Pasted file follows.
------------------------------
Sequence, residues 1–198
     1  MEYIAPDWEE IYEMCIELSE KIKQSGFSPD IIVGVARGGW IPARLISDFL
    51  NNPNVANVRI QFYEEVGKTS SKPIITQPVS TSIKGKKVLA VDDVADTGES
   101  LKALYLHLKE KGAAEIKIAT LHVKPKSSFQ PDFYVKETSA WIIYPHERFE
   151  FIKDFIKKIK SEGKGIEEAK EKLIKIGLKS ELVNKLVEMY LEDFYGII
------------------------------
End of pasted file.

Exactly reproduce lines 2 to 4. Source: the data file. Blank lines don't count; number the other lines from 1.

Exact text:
     1  MEYIAPDWEE IYEMCIELSE KIKQSGFSPD IIVGVARGGW IPARLISDFL
    51  NNPNVANVRI QFYEEVGKTS SKPIITQPVS TSIKGKKVLA VDDVADTGES
   101  LKALYLHLKE KGAAEIKIAT LHVKPKSSFQ PDFYVKETSA WIIYPHERFE